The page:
metadata usage, used to set expectations between communicating
            parties and define automated quality control processes for metadata
            exchange. However, because this work has been built on the DCMI
            Abstract Model, and not directly on a graph-based metadata model,
            these important achievements cannot be transferred to the Semantic
            Web or OAI-ORE contexts, where tools and techniques for metadata
            validation are in great demand. Similarly, there is no standard way
            of exposing metadata graphs, of the kind envisioned by the OAI-ORE
            community for the description of compound information objects, or
            of the kind envisioned by the ePrints application profile for the
            description of scholarly works, via the OAI-PMH protocol.

            Therefore, there exists an exciting opportunity to leverage work
            across these initiatives and to bring them into alignment, via the
            provision of key enabling and integrating technologies.

    2. Architecture
        The starting point for the SoDC information architecture is the
        Resource Description Framework (RDF) abstract syntax. The RDF abstract
        syntax provides a foundation for graph-based (meta)data -- data that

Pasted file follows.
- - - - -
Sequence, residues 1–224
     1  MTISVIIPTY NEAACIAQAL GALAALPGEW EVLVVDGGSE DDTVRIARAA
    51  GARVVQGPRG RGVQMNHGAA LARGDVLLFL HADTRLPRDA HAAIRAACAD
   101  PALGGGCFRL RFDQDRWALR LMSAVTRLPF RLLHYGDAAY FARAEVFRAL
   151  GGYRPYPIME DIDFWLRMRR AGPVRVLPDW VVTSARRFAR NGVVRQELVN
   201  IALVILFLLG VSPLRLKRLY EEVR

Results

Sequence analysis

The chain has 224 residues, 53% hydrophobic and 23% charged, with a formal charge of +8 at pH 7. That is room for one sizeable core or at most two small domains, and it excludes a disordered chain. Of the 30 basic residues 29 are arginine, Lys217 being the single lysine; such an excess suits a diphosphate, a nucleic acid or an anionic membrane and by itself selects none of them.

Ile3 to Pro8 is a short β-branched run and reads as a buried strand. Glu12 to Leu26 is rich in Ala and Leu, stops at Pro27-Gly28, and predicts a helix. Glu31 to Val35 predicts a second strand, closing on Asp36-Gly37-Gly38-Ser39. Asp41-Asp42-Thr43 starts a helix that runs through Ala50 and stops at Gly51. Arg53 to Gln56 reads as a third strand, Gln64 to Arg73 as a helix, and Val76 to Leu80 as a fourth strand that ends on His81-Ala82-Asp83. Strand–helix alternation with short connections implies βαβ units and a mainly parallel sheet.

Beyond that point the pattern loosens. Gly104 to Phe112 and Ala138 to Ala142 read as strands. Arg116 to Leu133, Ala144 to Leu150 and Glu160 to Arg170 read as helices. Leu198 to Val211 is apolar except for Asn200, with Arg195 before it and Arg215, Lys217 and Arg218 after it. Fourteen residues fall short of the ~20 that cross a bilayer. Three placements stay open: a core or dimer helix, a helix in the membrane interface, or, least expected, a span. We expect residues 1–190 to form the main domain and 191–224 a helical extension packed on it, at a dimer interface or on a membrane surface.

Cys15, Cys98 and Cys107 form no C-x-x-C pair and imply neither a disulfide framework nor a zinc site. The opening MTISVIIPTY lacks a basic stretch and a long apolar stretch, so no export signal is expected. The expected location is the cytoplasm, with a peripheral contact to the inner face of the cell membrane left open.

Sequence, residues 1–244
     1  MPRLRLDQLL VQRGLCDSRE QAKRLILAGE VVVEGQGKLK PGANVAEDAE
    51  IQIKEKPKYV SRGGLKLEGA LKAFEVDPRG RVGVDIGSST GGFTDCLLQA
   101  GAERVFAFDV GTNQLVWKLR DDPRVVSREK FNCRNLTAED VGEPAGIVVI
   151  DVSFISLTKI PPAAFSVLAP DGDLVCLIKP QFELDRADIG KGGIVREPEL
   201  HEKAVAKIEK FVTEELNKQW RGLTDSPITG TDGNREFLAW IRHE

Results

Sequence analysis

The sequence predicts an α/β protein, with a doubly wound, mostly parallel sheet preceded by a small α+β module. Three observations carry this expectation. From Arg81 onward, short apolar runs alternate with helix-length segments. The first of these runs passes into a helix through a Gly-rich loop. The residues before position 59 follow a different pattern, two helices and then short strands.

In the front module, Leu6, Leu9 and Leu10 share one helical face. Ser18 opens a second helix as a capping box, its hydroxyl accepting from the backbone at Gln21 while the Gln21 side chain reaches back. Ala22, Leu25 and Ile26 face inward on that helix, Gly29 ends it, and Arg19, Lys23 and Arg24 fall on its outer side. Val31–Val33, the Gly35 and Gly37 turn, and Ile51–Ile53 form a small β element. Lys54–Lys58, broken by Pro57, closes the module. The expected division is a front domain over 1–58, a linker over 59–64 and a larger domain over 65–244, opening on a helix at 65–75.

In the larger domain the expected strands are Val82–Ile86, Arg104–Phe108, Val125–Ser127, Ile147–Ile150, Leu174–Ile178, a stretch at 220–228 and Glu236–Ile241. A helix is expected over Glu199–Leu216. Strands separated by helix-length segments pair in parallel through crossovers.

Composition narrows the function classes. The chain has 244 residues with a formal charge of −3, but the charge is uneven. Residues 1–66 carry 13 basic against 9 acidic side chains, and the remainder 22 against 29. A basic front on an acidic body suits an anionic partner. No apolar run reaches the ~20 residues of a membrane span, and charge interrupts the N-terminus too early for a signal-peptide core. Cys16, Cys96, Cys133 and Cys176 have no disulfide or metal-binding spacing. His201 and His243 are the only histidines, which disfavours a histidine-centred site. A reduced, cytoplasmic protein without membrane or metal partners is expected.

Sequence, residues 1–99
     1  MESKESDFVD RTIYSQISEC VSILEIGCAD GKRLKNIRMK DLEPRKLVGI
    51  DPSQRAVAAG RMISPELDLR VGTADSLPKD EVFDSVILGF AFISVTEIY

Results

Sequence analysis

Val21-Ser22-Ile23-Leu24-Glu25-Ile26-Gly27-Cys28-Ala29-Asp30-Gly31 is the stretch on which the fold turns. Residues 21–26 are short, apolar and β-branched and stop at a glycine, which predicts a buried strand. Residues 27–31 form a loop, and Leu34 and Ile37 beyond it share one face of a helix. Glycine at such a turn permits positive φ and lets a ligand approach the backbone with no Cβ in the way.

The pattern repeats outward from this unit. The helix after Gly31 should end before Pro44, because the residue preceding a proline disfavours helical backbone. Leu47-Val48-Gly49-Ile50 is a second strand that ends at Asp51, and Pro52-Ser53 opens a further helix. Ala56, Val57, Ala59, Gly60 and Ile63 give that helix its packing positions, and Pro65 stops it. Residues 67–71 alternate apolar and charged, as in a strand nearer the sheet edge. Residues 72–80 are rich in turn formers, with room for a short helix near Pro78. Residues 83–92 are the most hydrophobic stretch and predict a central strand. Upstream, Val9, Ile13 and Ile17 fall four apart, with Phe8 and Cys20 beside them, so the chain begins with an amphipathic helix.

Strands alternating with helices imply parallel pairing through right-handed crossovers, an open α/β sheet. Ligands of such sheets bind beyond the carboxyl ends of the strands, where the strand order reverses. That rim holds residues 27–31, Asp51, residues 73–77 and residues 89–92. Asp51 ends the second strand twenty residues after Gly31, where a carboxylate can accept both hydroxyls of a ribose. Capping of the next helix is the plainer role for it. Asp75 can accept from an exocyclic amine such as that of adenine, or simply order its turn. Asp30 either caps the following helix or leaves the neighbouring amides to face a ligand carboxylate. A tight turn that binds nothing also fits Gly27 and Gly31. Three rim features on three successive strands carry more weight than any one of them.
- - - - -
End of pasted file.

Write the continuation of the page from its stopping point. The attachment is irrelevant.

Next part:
describes things which are related to other things.

        Informally, the RDF abstract syntax can be summarised as follows. A
        graph describes resources, each resource has properties which have
        values. The value of a property can be a URI, a literal or a blank node
        (a.k.a. "anonymous" resource). A literal can be a plain literal or a
        typed literal. A resource can be identified by a URI, or can be
        "anonymous". A property is identified by a URI.

        So, for example, a graph might describe a book titled "Winnie the
        Pooh", created by a person called "A. A. Milne".

    3. Design Goals
        SoDC-XML is a concrete XML syntax for graph-based (meta)data. SoDC-XML
        has the following design goals:
        -- Concrete encoding of the RDF abstract syntax;
        -- Suitable for embedding in (meta)data harvesting protocols, e.g. OAI-PMH;
        -- Constrained by a W3C XML schema, to support basic syntax validation;
        -- Can be constrained by an application-specific schema, to support 
           higher levels of syntax validation.

        SoDC-CL (Constraints Language) is a language for expressing
        application-specific syntax constraints over graph-based (meta)data,
        such as those defined by an "application profile". SoDC-CL has the
        following design goals:
        -- Express constraints over the RDF abstract syntax;
        -- Can be used to automatically generate a concrete syntax validation
           tool, such as a Schematron schema, which can then be used to perform
           application-specific syntax validation of (meta)data encoded in
           SoDC-XML.

-- 
Tom Baker <[log in to unmask]>